My sister Sarah recounted the story yesterday of being invited into her 7-year-old’s classroom as a volunteer reader. Her son was so apprehensive about how she would perform that he devised a series of coded hand signals that would signify whether she was reading too fast, too slow, too quiet, too loud, with too much animation, with too little animation, with too much or too little time to look at the pictures, and so forth. “He was so worried that I was going to embarrass him. It’s a far cry from when he was so excited to have me come into the classroom to read that I could barely peel him off of me far enough to see the pages,” she said.
Hearing her talk about it reminded me of the days when I used to help out in my kids’ classrooms a lot – and then less so – and now barely ever. Tim’s kindergarten teacher liked quite a lot of parental help. It was her first year at our school, and she had come from a school system in which every teacher had a classroom aide, which she no longer did. So she was accustomed to having a second adult in the classroom at all times and tried to fill the gap as much as possible with parents.
It was difficult because then, Tim was the way Sarah described Andrew being prior to now: he was always so happy to see me come into the classroom that it was difficult when I had to leave after my prescribed hour or two. Once, in anticipation of a problem, I discussed it with him ahead of time.
“Tim, I can come in and help only if you promise not to cling,” I said that day.
“Mooooommmmm,” he droned with a tinge of contempt, and I was sure he was about to insist he was no clinger. Instead, he said, “Evvvvverryone clings when their mom comes into the classroom.”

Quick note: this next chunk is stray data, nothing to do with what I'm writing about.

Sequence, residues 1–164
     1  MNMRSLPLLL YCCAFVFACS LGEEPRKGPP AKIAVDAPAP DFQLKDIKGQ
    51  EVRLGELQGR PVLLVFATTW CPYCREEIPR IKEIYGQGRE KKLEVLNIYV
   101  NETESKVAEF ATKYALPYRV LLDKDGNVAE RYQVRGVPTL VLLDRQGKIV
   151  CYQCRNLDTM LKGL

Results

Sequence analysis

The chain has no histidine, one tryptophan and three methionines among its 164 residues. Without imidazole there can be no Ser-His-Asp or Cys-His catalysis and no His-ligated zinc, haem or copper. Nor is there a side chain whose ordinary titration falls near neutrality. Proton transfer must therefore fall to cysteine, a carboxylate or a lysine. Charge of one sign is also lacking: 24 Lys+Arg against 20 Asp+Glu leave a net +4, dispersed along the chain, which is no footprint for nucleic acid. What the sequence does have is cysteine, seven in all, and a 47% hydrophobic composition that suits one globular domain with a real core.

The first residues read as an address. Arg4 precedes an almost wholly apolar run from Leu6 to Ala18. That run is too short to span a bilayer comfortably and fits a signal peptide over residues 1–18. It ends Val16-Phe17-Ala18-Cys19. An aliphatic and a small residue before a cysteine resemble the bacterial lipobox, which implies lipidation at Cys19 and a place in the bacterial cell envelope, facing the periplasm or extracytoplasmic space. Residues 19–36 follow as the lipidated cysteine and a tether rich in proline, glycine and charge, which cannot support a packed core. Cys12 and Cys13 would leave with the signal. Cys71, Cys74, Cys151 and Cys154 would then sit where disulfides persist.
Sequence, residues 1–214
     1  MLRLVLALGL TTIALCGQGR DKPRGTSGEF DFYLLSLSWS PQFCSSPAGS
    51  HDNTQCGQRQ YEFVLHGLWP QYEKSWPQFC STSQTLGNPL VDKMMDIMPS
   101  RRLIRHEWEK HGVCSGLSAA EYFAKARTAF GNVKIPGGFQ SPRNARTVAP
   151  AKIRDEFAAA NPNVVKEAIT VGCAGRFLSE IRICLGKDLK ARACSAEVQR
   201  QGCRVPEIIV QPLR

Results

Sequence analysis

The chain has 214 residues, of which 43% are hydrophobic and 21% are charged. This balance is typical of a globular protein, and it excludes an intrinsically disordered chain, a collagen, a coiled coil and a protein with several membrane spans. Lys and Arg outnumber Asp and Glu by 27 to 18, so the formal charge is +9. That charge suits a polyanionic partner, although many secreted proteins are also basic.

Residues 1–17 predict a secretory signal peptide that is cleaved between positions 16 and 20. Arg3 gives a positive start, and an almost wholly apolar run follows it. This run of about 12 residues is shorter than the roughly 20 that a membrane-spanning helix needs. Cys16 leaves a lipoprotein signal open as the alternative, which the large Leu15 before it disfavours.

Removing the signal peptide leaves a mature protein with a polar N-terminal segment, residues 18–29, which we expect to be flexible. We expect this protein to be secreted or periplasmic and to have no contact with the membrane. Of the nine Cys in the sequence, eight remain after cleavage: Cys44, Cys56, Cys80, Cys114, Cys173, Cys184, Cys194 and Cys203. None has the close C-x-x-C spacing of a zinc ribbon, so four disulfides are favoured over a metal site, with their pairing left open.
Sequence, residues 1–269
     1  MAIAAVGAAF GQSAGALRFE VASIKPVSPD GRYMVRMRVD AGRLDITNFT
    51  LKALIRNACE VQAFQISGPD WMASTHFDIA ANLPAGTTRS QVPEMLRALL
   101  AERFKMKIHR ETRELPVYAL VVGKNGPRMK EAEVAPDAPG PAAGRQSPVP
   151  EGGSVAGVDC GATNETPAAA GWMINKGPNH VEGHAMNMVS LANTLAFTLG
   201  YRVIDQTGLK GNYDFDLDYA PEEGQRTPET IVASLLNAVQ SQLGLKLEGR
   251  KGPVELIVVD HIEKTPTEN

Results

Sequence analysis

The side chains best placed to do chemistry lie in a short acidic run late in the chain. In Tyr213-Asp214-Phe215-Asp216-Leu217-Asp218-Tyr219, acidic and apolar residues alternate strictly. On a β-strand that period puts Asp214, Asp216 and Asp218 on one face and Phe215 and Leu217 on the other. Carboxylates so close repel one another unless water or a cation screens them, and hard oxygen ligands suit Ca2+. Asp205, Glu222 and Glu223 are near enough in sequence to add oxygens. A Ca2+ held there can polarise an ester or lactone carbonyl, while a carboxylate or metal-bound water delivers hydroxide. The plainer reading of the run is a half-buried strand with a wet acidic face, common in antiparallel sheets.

Well, that may have been true when he was in kindergarten, but seven years later, things are a lot different. The teachers don’t want or need us around much anymore, and the kids are even less enthusiastic about our presence, though Tim usually endures my rare appearances at middle school without much complaining. Earlier this month, one of his classes decided to have a potluck lunch in honor of Thanksgiving; I had the job of bringing in the pies he’d made earlier in the week. Once there, I was so curious to see how his classmates had changed since I’d last seen them – months or sometimes years earlier – that I could hardly tear myself away, until I committed a key error. “Claire, you’re dressed for the beach!” I said to one girl who was inexplicably wearing a sundress in mid-November. The teacher pressed his lips together; too late I remembered that another teacher had told me years earlier that teachers are forbidden from commenting on kids’ clothing, or at least what girls are wearing. Parents don’t fall under the same restrictions, but I had still overstepped my bounds as a classroom visitor.
In any case, with middle schoolers, the issue of school volunteering evolves into a very different paradigm: where once our presence was needed as reading helpers or project assistants, now we’re called upon most often not by the teachers but by the kids, and it’s for one critical role: to chaperone their dances. Every time a dance comes up on the schedule, the administration threatens that if the kids don’t rummage up the proper number of chaperones, the event will be canceled, so all the kids feel pressured to call in favors. And then, of course, they face the ultimate dilemma of which prospect is worse: having your mother at a school dance or having no school dance at all.
Tim actually doesn’t mind having me chaperone when my turn comes up, which I try to make happen no more than once a year, and Holly is generally neutral about my visits to school. I can’t say I miss the early days when we were urged to come in at least once a week to help out, but I do appreciate the occasional chance to take a peek at what’s going on. Soon enough, the invitations into the classroom will dwindle down to once a year on parents’ day at the most, depending on my kids’ specific educational future. So I’ll continue to enjoy the time I spend at school with my kids. And, just like the teachers, with enough practice I’ll even learn to hold my tongue when their classmates show up in sandals, midwinter.